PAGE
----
Greasing the Path to Getting Your First Novel Published, Part 2

Presented to Words for the Journey as an Appetizer, February 14, 2012
by Denise Miller Holmes

Here are the second round of tips to help remove obstacles to getting your first novel published.

6) Create a layered protagonist who is the main character.

 Create a realistic and interesting personality that has the main p-o-v for the story and who carries the theme (Jeff Gerke’s Plot Versus Character is a great book to learn how to do this also). Give her a fire to reach a goal. Obstruct that goal. Make her change where she is flawed and face her pain where she is wounded in order to achieve success.

  • Makes sure, even if you have an ensemble cast for your story, that there is one true main character. You can include the other p-o-views in the story, but one of them should be on stage more often than the others and carry the main conflict and theme. This gives focus to the story.

There…you have the START of an interesting character. But a Protagonist is only as exciting as her … Antagonist.

7) Create an absolutely frustrating and fascinating antagonist. The antagonist is the main obstacle of the whole story, so make sure he (or it) is almost as in-depth as your main character and has his own wounds that fuel his passion to hurt the hero. The antagonist is often a person, but it can be something else. Pick one of the following conflicts to be the main conflict of your story….

The Eight Basic Conflicts—Man versus….

  • Nature/Environment (Twister/Contagion);
  • Society (1984/Brave New World);
  • Time (Nick of Time; Out of Time; Cellular; anything with a ticking time bomb);
  • Machine/Technology (Tron/War of the Worlds);
  • God/Fate (Bruce Almighty);
  • The Supernatural (Sorcerer’s Apprentice; Any horror or ghost story you’ve ever seen);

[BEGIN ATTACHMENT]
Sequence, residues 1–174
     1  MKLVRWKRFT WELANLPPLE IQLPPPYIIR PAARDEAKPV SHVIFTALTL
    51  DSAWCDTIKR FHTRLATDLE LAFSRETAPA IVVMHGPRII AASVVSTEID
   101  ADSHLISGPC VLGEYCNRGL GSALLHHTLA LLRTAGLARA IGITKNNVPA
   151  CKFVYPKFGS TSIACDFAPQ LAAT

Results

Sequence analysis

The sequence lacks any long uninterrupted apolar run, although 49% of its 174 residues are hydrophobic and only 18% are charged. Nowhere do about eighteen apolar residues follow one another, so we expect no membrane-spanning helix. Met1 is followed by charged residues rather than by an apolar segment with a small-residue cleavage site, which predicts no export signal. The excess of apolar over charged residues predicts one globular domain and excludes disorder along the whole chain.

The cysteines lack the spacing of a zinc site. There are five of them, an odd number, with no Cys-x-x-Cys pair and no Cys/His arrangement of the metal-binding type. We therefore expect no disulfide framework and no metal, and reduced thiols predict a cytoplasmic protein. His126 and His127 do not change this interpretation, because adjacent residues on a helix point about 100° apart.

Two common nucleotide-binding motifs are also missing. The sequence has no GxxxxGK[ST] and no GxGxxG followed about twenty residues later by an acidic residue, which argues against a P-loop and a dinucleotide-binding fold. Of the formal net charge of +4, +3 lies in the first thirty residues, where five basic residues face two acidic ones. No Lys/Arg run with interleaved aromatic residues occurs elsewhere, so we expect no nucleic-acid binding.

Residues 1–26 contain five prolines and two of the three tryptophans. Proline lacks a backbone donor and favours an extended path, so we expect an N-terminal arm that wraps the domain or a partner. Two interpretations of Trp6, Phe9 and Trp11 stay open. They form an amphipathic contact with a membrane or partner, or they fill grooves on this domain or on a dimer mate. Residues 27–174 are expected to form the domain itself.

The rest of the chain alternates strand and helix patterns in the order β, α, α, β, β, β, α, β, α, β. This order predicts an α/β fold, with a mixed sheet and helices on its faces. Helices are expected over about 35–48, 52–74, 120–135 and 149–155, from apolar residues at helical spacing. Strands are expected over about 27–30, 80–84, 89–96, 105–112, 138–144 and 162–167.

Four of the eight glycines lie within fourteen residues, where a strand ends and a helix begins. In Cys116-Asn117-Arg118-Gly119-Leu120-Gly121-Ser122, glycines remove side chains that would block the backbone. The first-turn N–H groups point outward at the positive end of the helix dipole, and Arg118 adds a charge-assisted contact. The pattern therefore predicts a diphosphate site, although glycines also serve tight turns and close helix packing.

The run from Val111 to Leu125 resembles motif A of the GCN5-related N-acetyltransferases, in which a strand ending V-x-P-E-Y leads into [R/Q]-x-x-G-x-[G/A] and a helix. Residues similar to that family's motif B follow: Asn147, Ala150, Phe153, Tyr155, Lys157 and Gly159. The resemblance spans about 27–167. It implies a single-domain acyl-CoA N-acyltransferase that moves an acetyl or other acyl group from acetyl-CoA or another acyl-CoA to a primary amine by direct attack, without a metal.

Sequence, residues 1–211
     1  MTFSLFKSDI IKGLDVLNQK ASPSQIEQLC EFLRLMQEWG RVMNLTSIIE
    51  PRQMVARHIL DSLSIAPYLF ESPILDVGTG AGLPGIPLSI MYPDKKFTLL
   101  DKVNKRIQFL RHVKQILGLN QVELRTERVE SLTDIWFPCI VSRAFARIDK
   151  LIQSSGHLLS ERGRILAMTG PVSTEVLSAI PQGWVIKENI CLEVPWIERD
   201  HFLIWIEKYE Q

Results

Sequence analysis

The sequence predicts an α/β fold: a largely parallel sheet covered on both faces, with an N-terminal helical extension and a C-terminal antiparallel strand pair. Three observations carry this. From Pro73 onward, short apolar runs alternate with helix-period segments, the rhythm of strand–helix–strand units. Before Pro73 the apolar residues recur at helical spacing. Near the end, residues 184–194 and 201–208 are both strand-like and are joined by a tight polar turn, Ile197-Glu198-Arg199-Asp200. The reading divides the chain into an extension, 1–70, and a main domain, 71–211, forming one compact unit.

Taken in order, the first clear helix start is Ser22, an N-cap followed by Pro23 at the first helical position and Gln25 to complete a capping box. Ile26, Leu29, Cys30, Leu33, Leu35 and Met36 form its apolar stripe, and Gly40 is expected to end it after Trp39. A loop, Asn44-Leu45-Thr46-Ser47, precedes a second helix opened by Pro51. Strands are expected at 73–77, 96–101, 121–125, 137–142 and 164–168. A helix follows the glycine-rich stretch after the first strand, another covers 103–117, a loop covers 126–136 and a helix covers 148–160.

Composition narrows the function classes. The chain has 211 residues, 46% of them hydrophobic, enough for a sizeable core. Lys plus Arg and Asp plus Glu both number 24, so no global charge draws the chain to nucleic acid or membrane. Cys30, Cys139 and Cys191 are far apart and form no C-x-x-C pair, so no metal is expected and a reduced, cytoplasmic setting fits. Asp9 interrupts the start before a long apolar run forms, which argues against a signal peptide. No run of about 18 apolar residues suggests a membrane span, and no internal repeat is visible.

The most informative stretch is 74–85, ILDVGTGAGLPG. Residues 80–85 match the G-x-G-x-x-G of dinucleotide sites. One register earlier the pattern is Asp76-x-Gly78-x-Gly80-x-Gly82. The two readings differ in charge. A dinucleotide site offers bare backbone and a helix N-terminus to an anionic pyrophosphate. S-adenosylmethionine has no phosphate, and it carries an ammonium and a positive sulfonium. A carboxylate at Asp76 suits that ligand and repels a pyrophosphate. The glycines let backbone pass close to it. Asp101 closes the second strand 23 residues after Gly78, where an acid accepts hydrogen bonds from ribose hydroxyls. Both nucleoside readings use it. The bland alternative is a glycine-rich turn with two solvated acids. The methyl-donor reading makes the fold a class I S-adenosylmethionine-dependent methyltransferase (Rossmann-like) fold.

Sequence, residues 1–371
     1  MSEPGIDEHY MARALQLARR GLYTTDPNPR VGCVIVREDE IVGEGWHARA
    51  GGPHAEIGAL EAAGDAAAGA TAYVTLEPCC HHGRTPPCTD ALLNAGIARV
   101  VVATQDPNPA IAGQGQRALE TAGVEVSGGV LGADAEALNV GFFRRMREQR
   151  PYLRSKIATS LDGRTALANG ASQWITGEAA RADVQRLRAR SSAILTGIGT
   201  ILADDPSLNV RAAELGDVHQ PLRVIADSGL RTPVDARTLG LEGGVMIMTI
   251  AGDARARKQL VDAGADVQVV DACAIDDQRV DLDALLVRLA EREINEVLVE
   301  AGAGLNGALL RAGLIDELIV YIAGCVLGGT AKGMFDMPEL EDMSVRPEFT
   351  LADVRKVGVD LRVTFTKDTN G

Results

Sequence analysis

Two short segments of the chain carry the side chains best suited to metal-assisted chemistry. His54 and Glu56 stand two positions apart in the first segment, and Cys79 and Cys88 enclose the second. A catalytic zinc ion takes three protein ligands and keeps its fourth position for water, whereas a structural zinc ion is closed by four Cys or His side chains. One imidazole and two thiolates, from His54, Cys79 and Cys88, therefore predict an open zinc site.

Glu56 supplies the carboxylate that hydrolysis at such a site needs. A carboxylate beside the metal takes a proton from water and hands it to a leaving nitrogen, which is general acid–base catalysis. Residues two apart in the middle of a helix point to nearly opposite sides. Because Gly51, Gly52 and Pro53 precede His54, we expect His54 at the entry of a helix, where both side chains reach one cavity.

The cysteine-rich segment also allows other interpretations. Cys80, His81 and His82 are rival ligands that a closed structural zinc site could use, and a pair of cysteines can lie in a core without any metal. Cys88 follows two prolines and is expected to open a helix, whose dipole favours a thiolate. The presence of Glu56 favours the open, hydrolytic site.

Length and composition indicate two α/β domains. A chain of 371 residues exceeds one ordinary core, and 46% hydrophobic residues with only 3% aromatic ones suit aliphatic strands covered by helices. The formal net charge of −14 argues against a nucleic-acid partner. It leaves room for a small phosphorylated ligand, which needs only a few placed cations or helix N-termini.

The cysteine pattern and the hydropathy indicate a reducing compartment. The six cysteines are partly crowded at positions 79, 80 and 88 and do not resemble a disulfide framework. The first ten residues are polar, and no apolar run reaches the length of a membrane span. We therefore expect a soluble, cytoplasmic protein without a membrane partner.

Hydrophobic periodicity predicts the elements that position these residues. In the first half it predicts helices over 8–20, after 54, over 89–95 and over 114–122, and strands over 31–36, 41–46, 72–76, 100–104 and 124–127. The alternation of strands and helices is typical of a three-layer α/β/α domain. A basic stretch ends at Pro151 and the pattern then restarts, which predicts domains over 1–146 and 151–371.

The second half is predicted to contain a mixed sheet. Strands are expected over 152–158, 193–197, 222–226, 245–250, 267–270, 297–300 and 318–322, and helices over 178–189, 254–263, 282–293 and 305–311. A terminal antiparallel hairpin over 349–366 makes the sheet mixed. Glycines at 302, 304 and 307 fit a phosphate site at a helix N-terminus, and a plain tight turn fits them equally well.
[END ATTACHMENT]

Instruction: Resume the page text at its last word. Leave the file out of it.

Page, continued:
• Himself (Groundhog Day, which is also Man vs. God/Fate and Man vs. Time);
  • Man (Die Hard; North by Northwest; any story with a human villain that is out to get the protagonist or hurt the innocent.

8) Structure your story to increase tension, even if you have to rewrite true history.

  • Follow the 3-Act structure and know what is supposed to happen in each Act. Each Act has its own purpose. Know these purposes and follow them. (recommended: Save the Cat by Blake Snyder; The Writer’s Journey by Christopher Vogler)
  • Rewrite and restructure true stories if the true story doesn’t keep the tension going. You can always call them “based” or “loosely based” on a true story.

9) Be cruel to your characters.

  • First, give them a past where at least one trauma occurred. This trauma has left a wound the size of the Grand Canyon and is now interfering with your character’s happiness. You should do a bit of this with the secondary characters too. Everyone should have a main issue that will rub against the other characters and throw them in a stew when the main conflict appears. THEN…
  • Make their situation just awful. It gets better for a while, then it not only gets bad again, it’s worse than ever before! Keep throwing obstacles and pain at your characters. The wounds are being stirred. How will they overcome with all the pain they’re in?

10) Avoid back story until you’re well into the book.

  • New writers love to tell the reader everything up front. A good rule is to hold back the character’s histories until the third chapter. If it’s a long book with thick chapters, you might introduce back story sooner, but remember that the reader’s brain is working hard just to learn the characters and the main situation.
  • Overwhelming your reader (and this includes an editor, publisher, or agent) makes her say “no thank you.”

Denise Miller Holmes is the director of Words for the Journey and writes blogs for her author blog

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